Lone opponent of military force `agonized' before vote in House

Calif. Democrat says U.S. has alternatives for preventing terrorism

Terrorism Strikes America

September 16, 2001|By Karen Hosler | Karen Hosler,SUN NATIONAL STAFF

WASHINGTON -- Rep. Barbara Lee did not come easily to the decision that made her the lone member of either the House or Senate to oppose President Bush's plan to use military force in retaliation for last week's terrorist attacks.

The California Democrat tearfully told her colleagues Friday night that she shared their anger at the calculated murder of thousands of innocent civilians. Like them, she said, she was filled with sorrow for the victims and their loved ones.

"Only the most foolish and the most callous would not understand the grief that has really gripped our people and millions across the world," Lee said during debate on the resolution endorsing sweeping powers for the president to strike back. "I have agonized over this vote."

And yet, Lee, now in her third term as one of the most liberal members of Congress, found that in the end she had to "rely on my moral compass, my conscience and my God for direction."

"Our deepest fears now haunt us," she said. "Yet, I am convinced that military action will not prevent further acts of international terrorism against the United States."

Lee suggested that the president could more effectively combat terrorism by improving U.S. intelligence sources, tightening domestic security and prosecuting those behind the attacks.

Lee, 55, who represents Oakland and Berkeley, has a history of reservations about military action and comes from a community where many share her views.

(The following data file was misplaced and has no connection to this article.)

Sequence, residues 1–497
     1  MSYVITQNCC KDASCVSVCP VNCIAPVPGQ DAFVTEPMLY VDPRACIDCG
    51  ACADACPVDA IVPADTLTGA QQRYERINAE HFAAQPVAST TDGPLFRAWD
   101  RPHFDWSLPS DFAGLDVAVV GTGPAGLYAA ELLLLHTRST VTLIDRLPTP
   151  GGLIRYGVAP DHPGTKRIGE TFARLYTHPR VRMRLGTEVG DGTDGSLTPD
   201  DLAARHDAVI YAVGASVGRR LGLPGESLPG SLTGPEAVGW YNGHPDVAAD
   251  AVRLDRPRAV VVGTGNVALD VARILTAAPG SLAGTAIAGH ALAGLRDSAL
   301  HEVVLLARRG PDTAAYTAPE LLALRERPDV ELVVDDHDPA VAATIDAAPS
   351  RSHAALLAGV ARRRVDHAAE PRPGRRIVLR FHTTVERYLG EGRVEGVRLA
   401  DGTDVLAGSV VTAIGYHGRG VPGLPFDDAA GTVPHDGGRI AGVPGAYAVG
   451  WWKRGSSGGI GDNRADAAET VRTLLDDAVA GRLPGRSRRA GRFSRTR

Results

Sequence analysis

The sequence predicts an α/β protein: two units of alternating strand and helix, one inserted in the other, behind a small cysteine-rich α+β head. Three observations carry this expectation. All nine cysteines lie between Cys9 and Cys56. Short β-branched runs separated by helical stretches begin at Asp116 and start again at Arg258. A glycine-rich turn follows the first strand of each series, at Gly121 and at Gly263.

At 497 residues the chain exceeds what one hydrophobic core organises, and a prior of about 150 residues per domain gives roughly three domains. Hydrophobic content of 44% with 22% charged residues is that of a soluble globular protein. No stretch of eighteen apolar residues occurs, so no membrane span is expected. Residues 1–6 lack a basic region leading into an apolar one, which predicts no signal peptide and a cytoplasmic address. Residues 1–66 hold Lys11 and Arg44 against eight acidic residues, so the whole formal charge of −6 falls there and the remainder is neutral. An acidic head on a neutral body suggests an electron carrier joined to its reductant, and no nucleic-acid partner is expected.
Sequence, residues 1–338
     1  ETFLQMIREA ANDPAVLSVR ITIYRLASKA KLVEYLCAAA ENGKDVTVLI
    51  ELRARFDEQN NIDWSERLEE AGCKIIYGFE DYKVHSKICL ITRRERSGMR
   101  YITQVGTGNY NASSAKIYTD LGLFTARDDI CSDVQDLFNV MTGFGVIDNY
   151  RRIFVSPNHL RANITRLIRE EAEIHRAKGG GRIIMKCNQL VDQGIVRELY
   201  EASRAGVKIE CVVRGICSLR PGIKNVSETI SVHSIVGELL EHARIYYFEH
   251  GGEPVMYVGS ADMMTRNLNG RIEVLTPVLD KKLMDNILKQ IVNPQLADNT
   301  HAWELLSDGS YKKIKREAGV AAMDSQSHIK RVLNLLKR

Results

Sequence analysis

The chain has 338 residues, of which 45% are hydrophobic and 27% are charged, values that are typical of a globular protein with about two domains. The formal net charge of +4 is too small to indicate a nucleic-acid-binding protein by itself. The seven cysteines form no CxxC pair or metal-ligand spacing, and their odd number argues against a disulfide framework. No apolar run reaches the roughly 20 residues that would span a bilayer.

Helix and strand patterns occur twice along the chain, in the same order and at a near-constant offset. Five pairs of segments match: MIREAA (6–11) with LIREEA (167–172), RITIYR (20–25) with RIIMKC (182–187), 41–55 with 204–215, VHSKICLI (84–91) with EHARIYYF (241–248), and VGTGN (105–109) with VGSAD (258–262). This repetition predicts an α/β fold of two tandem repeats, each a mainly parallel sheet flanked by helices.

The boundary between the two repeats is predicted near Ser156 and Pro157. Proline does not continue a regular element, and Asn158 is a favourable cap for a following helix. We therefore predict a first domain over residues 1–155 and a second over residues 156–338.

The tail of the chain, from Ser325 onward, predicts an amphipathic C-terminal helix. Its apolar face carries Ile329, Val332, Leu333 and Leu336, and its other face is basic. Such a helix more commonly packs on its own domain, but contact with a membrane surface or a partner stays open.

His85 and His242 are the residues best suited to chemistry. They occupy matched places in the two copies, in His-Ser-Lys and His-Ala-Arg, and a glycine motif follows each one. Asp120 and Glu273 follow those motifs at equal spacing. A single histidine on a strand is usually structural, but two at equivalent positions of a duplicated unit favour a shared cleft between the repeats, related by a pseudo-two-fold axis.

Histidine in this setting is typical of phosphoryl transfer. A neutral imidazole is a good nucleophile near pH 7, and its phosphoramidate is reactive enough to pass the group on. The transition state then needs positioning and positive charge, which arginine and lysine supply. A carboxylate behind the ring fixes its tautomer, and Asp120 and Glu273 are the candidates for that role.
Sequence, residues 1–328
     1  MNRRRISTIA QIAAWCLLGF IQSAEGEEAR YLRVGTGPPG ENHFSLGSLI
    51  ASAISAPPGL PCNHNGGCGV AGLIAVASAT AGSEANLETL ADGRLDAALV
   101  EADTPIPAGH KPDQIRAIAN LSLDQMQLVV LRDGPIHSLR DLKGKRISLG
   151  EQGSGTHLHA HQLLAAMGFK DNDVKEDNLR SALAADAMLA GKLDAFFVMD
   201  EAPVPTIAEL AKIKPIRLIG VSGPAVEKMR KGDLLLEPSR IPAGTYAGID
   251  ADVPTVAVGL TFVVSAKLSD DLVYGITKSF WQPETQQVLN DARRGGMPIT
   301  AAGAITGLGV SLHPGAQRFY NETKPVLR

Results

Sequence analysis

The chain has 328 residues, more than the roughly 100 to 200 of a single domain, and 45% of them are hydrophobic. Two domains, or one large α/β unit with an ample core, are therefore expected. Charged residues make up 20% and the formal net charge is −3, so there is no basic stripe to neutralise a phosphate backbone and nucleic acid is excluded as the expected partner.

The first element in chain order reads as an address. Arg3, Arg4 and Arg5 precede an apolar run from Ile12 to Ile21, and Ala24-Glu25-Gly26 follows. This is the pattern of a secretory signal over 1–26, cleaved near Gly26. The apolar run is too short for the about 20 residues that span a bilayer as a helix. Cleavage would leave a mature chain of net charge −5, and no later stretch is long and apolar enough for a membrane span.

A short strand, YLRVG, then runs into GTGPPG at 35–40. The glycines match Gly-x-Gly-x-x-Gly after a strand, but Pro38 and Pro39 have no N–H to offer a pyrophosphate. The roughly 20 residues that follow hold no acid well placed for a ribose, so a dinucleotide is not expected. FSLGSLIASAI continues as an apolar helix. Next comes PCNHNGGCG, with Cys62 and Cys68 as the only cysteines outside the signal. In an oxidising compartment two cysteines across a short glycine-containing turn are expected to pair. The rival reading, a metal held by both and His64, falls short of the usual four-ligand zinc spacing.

She studied at the University of California at Berkeley while it was a hotbed of sentiment against the Vietnam War. She got a master's degree in social work and then took a job with Rep. Ronald V. Dellums, her predecessor in her district and one of Congress' leading doves until he retired in 1998.

Lee carries on much of his work. She favors cutting defense spending and converting military bases to civilian use. She criticized President Bill Clinton's bombing of Iraq in 1998 and was the only House member in 1999 to oppose Clinton's use of troops in Kosovo.

She has twice been re-elected with more than 80 percent of the vote, and her political strength isn't expected to weaken as a result of redistricting battles.

Even so, it wasn't easy to stand alone against a president and Congress united in a bipartisan fashion not witnessed in Washington perhaps since Pearl Harbor.

"She showed a lot of courage and integrity," said Rep. Steny H. Hoyer, a Southern Maryland Democrat with whom Lee talked before her vote. "I don't happen to agree with her decision, but I know it was very, very tough for her. She was choked up when she made her statement."

Rep. Benjamin L. Cardin, a Baltimore Democrat, said that while other members expressed uneasiness about aspects of the use-of-force authorization, he knew of no one other than Lee who questioned taking a military response.

"I think the overwhelming majority of Congress represents the sentiment in the country as a whole, which believes the only way to discourage such attacks is with a forceful and effective response," he said. "Barbara represents the one-third of 1 percent who disagree."

Lee told the House, "Some of us must say, `Let us step back for a moment. Let us just pause for a minute and think through the implications of our actions today so that this does not spiral out of control.'"

She said she made her decision during the "very painful yet very beautiful memorial service" for the terrorists' victims Friday at the National Cathedral. "As a member of the clergy so eloquently said: `As we act, let us not become the evil that we deplore.'"

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